Sims expansion packs tend to fall on a spectrum. On one end there are packs like Vampires and Get Famous that add giant, world-changing features that are distant dreams to the regular person, like becoming a werewolf or journeying to the Star Wars universe. And on the other end are packs that hone in on nitty-gritty real-life elements, like Parenthood and Seasons.
The upcoming expansion pack Growing Together, which launches on March 16, falls fully on this latter end. The pack offers substantial expansions to early life stages, including babies and toddlers, as well as the elder life stage, which is the last one in a Sim’s lifespan, and also one sorely neglected by previous packs. From a gameplay preview, it’s clear that this is a pack that drills down on the reality of the Sims, and the day-to-day interactions and minute details that are appealing for a specific subtype of players drawn to realism. (It’s me, hi, I’m the specific subtype of players).
In a way, Growing Together seems to be a rebuff of the Parenthood pack. The latter focused mostly on parents, children, and teens. But Growing Together will add much-needed special features like milestones, and relationship compatibility, along with smaller details like new aspirations for children, new quirks for toddlers and infants, and new interactions for elders. Though the expansion is separate from the March 14 base game update that introduces the infant life stage, this pack expands on what that life stage has to offer.
Some of the new quirks are silly and charming, adding detail to a young Sim’s growth across their early years: An infant Sim can be a Messy Eater, but toddler Sims get a little more sass with Picky Eater and Hates Bedtime. Children finally have new aspirations, including Playtime Captain and Slumber Party Animal, which shows how much this pack is going to dive into their downtime. As for elders, at long last they get some new specific interactions, like Giving Life Lessons or picking a favorite grandchild (which totally tracks IRL).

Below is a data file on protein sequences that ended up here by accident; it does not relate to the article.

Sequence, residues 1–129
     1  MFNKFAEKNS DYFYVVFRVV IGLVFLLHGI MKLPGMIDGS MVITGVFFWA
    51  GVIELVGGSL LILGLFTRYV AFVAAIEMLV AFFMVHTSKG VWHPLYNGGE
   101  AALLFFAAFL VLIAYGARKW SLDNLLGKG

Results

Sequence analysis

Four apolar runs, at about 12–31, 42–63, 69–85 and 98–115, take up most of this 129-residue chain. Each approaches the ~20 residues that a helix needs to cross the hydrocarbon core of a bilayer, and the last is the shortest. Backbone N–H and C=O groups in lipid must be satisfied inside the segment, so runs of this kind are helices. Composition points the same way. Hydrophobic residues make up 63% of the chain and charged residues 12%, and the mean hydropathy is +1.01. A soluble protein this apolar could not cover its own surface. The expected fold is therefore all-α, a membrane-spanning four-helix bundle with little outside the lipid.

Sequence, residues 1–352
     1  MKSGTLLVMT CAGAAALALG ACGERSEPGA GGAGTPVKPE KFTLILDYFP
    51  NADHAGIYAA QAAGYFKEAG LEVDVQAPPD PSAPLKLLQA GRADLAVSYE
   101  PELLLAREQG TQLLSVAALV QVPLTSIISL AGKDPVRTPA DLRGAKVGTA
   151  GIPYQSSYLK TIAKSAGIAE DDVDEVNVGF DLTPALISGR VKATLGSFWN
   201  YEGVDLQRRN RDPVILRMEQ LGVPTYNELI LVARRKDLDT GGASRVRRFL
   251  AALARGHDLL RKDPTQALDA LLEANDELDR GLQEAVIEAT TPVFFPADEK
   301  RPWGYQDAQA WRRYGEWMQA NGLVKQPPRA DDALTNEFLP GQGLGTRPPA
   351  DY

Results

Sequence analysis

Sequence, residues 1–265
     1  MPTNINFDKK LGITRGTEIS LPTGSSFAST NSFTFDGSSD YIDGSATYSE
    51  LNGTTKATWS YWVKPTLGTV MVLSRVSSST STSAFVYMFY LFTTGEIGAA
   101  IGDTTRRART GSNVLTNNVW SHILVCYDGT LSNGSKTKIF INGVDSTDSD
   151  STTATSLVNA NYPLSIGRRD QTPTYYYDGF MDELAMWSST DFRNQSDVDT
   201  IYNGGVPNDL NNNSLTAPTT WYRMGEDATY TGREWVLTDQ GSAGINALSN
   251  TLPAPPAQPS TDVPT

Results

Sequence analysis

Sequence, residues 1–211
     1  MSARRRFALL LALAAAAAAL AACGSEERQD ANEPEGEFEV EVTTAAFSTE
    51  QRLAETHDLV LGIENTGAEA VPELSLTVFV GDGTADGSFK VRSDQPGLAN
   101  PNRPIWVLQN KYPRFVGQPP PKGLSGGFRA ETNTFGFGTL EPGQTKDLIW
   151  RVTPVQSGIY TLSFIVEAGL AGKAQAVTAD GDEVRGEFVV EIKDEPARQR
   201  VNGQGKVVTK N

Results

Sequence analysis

One of the biggest additions in the new pack is the introduction of milestones, which mark important events throughout a Sim’s entire life and track a Sim’s growth. They appear to be triggered by gameplay, and can range from big life events, like getting promoted and having a midlife crisis, to smaller ones, like a Sim accidentally wetting themself (something we got to see during the Sims presentation). Milestones are reminiscent of the memories feature in The Sims 2 and Sims 3, which automatically tracked big moments in Sims’ lives. There actually is a memory feature present in The Sims 4 too, but it’s not prompted by the game; instead players have to manually go into the screenshot manager to create memories, so not many people know it exists.
Growing Together also overhauls relationship compatibility features. All relationships — not just familial ones — will get an update with the introduction of social compatibility. Players will be able to toggle what sort of personality traits that their Sims like or dislike. Depending on how interactions go, the game might prompt you to decide if a Sim likes or dislikes a certain trait in other Sims. When it comes to family members, these compatibility features will spark more complex relationship labels, like competitive siblings or close ones. Some degree of social compatibility has been present in previous Sims games, like the romantic chemistry feature in The Sims 2, and many popular mods try to replicate it (like the infamous Wicked Whims), so it’s cool to see it added in the game, especially in a way that’s not just romantic in nature.
Speaking of romance, though, there is one big question that many Sims players have on their mind when a new pack is introduced: Is there a new place my Sims can WooHoo? The answer to that is: yes, yes there is. Growing Together introduces a treehouse object, which not only allows Sims to build a treehouse and play with it, but to also get… very intimate. However, if your young Sim does NOT want grown-ups canoodling in their playhouse, they can bar adults from entering.
The treehouse is also just one of a handful of new items and activities a young Sim can take part in. There are also bikes, slumber parties, and friendship bracelets, all of which will liven up your young Sim’s life in the sleepy suburbs of the new world of San Sequoia. And if those activities aren’t enough, Sims can enjoy the town’s amenities — like a kids’ library or a community center — spread across the Gilbert Gardens, Anchorpoint Wharf, and Hopewell Hills neighborhoods.
Growing Together looks like it’s going to be the kind of pack that appeals to a specific type of Sims player. For those who might want big, flashy features and supernatural hijinks, the more minute details and interactions that come with Growing Together might not be enough to justify the cost of a full expansion pack. But if you want to flesh out your Sims’ inner lives — not just via familial relationships, but with markers for their own growth — then Growing Together seems like it’s going to do just that. It’s a more subdued expansion pack, but one that promises a lot of depth.
The Sims 4: Growing Together will be available on March 16 for Mac, PlayStation 4, PlayStation 5, Windows PC, Xbox One, and Xbox Series X.